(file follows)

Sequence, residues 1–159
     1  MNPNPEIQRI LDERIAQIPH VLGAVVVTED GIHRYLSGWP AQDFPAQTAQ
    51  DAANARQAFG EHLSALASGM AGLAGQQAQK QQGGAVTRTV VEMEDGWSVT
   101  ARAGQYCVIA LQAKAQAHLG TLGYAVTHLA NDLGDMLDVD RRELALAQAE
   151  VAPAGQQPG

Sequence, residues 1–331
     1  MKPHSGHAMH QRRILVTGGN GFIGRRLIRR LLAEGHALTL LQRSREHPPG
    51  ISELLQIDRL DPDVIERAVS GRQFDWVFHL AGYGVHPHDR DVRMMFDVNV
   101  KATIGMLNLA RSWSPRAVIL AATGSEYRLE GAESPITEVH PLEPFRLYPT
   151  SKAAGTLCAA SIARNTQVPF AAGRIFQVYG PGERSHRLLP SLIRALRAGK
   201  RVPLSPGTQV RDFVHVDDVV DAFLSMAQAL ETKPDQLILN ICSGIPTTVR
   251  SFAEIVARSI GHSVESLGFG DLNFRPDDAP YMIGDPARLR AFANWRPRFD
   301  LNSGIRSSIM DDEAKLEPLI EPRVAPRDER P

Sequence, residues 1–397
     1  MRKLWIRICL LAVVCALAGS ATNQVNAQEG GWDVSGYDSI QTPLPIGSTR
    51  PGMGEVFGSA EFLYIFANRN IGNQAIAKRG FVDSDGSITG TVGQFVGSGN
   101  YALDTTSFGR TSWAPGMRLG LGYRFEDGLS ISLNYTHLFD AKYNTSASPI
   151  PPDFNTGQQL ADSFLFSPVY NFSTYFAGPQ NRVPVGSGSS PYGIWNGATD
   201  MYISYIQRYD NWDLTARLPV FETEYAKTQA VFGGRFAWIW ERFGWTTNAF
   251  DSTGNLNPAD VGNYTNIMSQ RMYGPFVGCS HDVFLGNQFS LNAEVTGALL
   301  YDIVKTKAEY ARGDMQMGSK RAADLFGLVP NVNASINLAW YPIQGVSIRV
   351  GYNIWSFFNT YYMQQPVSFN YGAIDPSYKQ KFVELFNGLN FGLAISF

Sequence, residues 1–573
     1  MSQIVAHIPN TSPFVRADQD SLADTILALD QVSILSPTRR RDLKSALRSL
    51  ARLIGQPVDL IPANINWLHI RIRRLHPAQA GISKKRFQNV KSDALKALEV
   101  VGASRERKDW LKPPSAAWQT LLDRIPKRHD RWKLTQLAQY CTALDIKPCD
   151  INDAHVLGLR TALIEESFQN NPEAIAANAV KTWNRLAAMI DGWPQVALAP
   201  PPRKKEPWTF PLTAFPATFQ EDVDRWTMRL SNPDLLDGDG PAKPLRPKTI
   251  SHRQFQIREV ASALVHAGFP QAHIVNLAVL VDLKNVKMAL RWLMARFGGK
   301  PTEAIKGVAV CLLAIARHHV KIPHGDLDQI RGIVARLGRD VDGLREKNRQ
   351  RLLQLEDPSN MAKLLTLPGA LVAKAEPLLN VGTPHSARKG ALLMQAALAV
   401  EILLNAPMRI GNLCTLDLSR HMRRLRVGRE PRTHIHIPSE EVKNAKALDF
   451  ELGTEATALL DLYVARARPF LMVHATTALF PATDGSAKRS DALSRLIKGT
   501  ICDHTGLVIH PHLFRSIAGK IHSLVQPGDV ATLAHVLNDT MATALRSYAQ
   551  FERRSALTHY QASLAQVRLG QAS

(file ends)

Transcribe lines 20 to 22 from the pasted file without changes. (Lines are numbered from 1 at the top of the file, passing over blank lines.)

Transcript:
   251  DSTGNLNPAD VGNYTNIMSQ RMYGPFVGCS HDVFLGNQFS LNAEVTGALL
   301  YDIVKTKAEY ARGDMQMGSK RAADLFGLVP NVNASINLAW YPIQGVSIRV
   351  GYNIWSFFNT YYMQQPVSFN YGAIDPSYKQ KFVELFNGLN FGLAISF